Posted by: facetothewind | August 24, 2014

Taking the Hell out of KL


So yeah, I’ve been bitching about the traffic in KL and hating on my walk from the Jelatek train station (the subway) that’s about a quarter mile from my apartment. It is my portal to downtown Kuala Lumpur and I really hate the walk to the station because it’s a long a traffic choked street and my cough is still with me and inhaling those fumes is not helping it. That trafficky walk makes me want to leave KL. I have a little over 2 more months in my lease here and I’ve got to make it work. I tried earplugs…made me unaware of my surroundings. I tried the gas mask…too hot and goofy looking like the apocalypse has arrived.


So today I was having a lovely brunch with my boys at the VCR café in Bukit Bintang and had to take the train home which means walking that last 15 minutes alongside a traffic jam. But on the elevated train I noticed that if I got off a stop earlier, I could actually walk home a different route and here’s what I found instead…


A terrific cornucopic Malay market where the prices are a fraction of what they are at the expat grocery store next to my house frequented by the diplomatic corp of embassy row where my apartment is. The prices at the store are fit for their excellencies, the distinguished ambassadors of various nations who inhabit the ‘hood,’ not for me on my budget. And so I bought a bunch of bananas and some basil for $1 total. Yes, 1 USD. I’m of course the ONLY white person in this market and I get a lot of stares and an occasional, “Hello, how are you?” I used my Google translate to look up the Malay word for basil: selasih. The Muslim women’s faces lit up and they laughed and dug out a bunch for me from a pile of fresh greens…30 cents.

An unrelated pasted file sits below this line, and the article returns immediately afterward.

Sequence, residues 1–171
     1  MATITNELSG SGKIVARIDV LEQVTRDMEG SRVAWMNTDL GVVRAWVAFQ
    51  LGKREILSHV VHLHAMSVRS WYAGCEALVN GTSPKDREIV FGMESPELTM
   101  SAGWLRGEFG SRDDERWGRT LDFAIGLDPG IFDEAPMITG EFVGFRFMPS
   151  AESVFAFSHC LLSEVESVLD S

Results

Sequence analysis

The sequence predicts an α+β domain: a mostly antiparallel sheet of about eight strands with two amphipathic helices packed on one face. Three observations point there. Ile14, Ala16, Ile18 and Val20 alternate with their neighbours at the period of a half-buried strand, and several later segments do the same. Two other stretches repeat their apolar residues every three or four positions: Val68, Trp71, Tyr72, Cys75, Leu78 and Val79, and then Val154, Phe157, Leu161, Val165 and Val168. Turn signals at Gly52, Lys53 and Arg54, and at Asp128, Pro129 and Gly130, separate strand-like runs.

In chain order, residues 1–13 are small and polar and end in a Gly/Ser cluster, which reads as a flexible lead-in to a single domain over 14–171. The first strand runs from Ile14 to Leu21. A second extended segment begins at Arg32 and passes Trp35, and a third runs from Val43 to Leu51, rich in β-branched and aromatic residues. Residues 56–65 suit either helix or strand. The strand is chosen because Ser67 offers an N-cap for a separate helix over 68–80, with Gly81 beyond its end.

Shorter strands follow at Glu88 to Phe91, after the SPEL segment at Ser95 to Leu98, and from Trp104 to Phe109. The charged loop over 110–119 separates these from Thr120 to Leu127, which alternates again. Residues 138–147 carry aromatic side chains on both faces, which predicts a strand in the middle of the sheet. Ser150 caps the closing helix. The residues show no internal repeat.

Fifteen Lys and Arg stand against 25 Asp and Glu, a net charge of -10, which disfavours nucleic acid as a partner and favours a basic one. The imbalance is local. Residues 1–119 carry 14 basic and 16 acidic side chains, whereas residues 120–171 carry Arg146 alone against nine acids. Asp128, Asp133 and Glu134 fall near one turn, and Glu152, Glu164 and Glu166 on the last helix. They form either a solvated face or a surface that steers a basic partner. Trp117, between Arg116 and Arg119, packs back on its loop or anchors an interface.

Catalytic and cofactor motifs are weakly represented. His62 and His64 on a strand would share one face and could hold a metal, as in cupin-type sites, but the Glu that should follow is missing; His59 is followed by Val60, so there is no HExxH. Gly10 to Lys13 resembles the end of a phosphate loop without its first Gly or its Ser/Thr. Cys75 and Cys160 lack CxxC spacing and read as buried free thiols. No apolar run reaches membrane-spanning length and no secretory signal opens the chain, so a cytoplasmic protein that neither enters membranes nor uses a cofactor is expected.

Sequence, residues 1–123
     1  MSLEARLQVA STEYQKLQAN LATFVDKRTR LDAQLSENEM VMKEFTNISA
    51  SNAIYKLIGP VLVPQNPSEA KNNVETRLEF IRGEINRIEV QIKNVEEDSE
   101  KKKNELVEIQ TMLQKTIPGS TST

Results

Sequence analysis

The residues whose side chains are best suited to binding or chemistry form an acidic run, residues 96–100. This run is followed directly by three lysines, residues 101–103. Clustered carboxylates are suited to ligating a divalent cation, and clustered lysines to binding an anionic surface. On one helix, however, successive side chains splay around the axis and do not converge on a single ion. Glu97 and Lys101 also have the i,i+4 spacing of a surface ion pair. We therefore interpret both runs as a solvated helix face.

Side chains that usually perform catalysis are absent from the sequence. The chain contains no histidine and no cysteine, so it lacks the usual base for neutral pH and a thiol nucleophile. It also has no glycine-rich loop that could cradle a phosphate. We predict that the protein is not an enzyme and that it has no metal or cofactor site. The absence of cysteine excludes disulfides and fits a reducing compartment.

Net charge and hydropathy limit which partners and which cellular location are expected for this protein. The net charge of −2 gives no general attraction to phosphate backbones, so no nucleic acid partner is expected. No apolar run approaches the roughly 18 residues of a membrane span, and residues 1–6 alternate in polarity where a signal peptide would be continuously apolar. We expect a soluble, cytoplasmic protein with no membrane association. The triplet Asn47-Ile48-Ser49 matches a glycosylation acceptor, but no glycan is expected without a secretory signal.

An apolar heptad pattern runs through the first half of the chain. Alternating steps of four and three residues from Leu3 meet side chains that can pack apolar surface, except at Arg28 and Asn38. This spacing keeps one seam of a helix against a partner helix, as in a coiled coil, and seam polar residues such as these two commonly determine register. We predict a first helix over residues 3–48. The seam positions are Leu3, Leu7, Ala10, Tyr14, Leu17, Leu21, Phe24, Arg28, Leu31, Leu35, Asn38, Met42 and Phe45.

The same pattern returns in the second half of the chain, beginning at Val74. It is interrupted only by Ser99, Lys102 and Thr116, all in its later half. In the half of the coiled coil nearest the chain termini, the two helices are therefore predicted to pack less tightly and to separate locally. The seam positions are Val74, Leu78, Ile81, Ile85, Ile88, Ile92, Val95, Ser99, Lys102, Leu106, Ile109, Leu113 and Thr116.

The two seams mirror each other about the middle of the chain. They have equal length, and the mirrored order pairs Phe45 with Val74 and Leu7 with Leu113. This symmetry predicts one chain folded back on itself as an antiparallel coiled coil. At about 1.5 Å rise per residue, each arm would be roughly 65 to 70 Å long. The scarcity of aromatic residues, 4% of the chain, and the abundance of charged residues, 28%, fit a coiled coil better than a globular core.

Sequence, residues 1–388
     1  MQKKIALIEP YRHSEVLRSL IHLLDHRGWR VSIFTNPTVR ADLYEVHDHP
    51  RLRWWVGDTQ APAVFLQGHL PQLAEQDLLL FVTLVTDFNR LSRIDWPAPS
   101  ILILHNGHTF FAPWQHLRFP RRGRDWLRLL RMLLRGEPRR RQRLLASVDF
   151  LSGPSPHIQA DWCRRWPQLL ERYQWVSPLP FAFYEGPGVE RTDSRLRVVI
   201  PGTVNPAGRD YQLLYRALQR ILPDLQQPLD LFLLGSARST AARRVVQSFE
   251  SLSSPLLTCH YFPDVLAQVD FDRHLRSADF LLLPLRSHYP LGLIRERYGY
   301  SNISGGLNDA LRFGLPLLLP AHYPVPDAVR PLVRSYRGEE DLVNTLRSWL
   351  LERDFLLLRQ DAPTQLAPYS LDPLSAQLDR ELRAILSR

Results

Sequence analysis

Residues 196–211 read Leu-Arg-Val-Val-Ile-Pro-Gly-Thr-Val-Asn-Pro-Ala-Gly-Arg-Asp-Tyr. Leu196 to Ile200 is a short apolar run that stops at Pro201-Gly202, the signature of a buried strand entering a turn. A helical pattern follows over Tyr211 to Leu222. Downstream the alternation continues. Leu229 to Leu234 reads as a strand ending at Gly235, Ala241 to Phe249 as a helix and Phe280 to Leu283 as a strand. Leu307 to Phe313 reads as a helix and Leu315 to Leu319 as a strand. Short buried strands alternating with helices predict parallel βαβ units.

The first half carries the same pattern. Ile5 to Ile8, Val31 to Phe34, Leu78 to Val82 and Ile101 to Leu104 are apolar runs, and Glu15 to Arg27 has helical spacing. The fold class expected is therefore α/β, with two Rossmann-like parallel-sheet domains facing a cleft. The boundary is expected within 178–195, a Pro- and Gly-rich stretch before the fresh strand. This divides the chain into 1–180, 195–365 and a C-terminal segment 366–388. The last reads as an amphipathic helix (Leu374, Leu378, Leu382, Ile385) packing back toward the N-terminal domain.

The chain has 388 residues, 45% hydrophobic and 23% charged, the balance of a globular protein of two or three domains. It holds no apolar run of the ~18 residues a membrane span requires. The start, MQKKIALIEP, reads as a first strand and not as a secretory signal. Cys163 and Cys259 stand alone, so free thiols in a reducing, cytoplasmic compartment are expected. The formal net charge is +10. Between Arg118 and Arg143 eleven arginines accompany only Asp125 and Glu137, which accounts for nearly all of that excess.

Then I set out to get home which was not easy. I could see the towers above the little kampung (village) but couldn’t find a way over the concrete river bed…hmmm. Then I found it — a makeshift walkway over an aqueduct complete with boards to step over the puddles. And then into the forest between the kampung and my apartment.


Everyone has warned me about the petty crime that occurs in Malaysia — the muggings and purse snatchings. Well, I’ve determined that nobody gonna snatch my purse bitch, so I just found a nice big stick, stood up straight, chest out and marched through the forest swinging my stick. When I lived in New York City in the 80’s (when it was dangerous on the streets and subways) I had a friend who was a NYPD officer and he told me to carry a stick and learn how to use it. He trained me how to go for the knees because no one can reach down and block a knee shot. And it will disable them and you just leave the scene with your belongings. Well, somehow I doubt I’m going to need that police training here, but just having the stick made me feel more confidant to go into the forest alone.


And when I emerged from the forest leaving my stick at the exit for my return trip another time, I’m at the Russian embassy. I pay my appropriate respects to their homophobic grand pubah. I learned the sticking-out-of-tongue from my mother when she was berated for lifting the sugar packets from the condiments section of a bar where she hadn’t purchased a drink. Some things you never forget. Thanks, Ma.